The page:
Longing tells the story of the greatest artistic couple in history, Robert Schumann and Clara Wieck. They met when she was eight years old and he was seventeen, drawn together first by music and then by their passion for each other. Drawing on their letters and remarkably frank journals, J. D. Landis writes of Clara and Robert’s enforced separations, their marriage, their artistic triumphs and failures, and finally their shared devotion to, and love for, a young genius who both came between them and brought them together for the last time.
Longing was a New York Times Notable Book. It was also named by The Guardian (London) as the second finest novel about music (the first being Thomas Bernhard’s Loser, a judgment with which Mr. Landis is delighted to concur).
“Glorious fiction.” —Publishers Weekly (starred and boxed review)
“Charged with the drama of passion, unrecognized genius, madness, and early death.” —Newsday
“Richly conveys both the joy and the sorrow of the Schumanns’ extraordinary love story.” —Los Angeles Times
“Brings these fascinating geniuses to vivid life.” —The Wall Street Journal
“Strikingly original . . . Landis tells us that the Schumanns’ marriage was vivid, full of humor, vitality, and a great hunger for music . . . Landis has seamlessly interwoven his text with ideas (about language and music, genius, imagination, and the nature of human devotion) that are very much his own . . . It is almost as if Landis himself were conducting a score, with the two characters his human instruments.” —The New York Times Book Review
J. D. Landis is the author of numerous works of fiction for adults and young readers, including Lying in Bed, which won the Morton Dauwen Zabel Award from the American Academy of Arts and Letters, and The Sisters Impossible, which was an International Reading Association Children’s Choice. He has long been at work on a novel about the life of Dagny Juel. He lives in New Hampshire.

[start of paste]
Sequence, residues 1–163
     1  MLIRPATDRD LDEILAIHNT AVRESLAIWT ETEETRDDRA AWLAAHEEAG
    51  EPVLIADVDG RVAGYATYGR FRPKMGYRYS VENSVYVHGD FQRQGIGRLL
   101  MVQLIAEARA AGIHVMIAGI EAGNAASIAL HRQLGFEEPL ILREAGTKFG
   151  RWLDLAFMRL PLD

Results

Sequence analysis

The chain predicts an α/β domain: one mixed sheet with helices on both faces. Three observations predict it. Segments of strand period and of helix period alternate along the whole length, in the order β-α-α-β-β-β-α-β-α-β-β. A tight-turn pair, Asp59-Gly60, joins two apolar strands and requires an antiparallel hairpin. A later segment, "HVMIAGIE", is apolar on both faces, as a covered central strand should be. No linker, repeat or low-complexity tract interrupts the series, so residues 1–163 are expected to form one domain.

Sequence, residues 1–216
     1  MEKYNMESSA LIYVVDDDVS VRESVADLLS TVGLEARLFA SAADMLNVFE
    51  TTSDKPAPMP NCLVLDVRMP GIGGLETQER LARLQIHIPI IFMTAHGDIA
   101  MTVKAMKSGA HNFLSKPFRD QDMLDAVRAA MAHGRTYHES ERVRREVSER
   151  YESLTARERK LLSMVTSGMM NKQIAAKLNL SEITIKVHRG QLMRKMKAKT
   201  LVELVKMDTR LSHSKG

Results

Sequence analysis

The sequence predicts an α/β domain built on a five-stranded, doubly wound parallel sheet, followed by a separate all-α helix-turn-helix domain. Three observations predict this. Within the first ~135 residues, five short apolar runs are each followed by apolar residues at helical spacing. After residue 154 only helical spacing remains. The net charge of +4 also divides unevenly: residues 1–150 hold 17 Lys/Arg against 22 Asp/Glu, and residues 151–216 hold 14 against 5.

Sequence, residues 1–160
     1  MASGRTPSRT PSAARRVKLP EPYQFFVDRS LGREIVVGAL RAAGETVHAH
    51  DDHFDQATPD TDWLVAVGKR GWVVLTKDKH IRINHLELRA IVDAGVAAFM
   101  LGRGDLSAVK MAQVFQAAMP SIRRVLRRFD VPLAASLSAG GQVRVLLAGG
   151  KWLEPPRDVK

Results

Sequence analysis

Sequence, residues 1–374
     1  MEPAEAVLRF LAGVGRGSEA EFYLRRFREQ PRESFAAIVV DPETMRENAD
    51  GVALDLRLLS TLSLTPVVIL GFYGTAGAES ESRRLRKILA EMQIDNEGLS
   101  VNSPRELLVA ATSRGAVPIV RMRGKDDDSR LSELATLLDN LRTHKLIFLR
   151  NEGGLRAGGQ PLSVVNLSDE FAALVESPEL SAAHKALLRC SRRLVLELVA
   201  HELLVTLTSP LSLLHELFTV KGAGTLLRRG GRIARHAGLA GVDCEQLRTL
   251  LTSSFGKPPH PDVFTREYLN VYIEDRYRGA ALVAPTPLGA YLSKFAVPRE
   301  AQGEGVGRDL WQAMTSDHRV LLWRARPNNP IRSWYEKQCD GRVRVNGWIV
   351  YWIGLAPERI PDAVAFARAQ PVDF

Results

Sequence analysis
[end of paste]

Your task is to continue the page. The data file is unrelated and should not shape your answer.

The tempestuous marriage of Robert and Clara Schumann has inspired many a biographer, but Landis (Lying in Bed) translates the familiar tale into glorious fiction, re-choreographing history in this finely crafted shadowbox of a novel. In the 1830s and '40s, German Romanticism is at its peak. Brilliant and obsessive, composer Robert Schumann and pianist Clara Wieck Schumann perfectly embody the age's glories and excesses. Robert, a student of Clara's father, watches Clara grow up, and marries her when she has barely turned 20; he is 29. Fourteen years and eight children later, Clara takes up with Brahms, then just 20, and Robert dies neglected in a madhouse at age 46. Landis tells this riveting tale of romantic longing and self-destructiveness in strict chronological order, heading each chapter with a place and date, moving back and forth between his two protagonists and charting their history from birth, as a biographer would. Clearly, he knows the period well, and has researched letters, memoirs and Robert Schumann's extensive music criticism; much of the dialogue is based on the actual words of the characters, and Chopin, Mendelssohn and Liszt make convincing appearances. But it is impossible to say where research ends and invention begins. Footnotes, some of them quite long, interrupt the action to comment on the further history of the characters or setting, or on 19th-century Austrian anti-Semitism or the repressive censorship of the Metternich regime (which made it unlawful not only to sing or perform "The Marseillaise," but even to listen to it in one's head). Such digressions might disrupt the narrative and spoil the illusion but, paradoxically, they enhance immediacy. Rather than strive for literary or stylistic effect, Landis relies on the truths of Schumann and Wieck's passion, writing with the earnestness, playfulness and fervor characteristic of the era he chronicles. Expansive and engrossing, this is historical fiction at its best, true to its subjects and steeped in the past. 3-city author tour.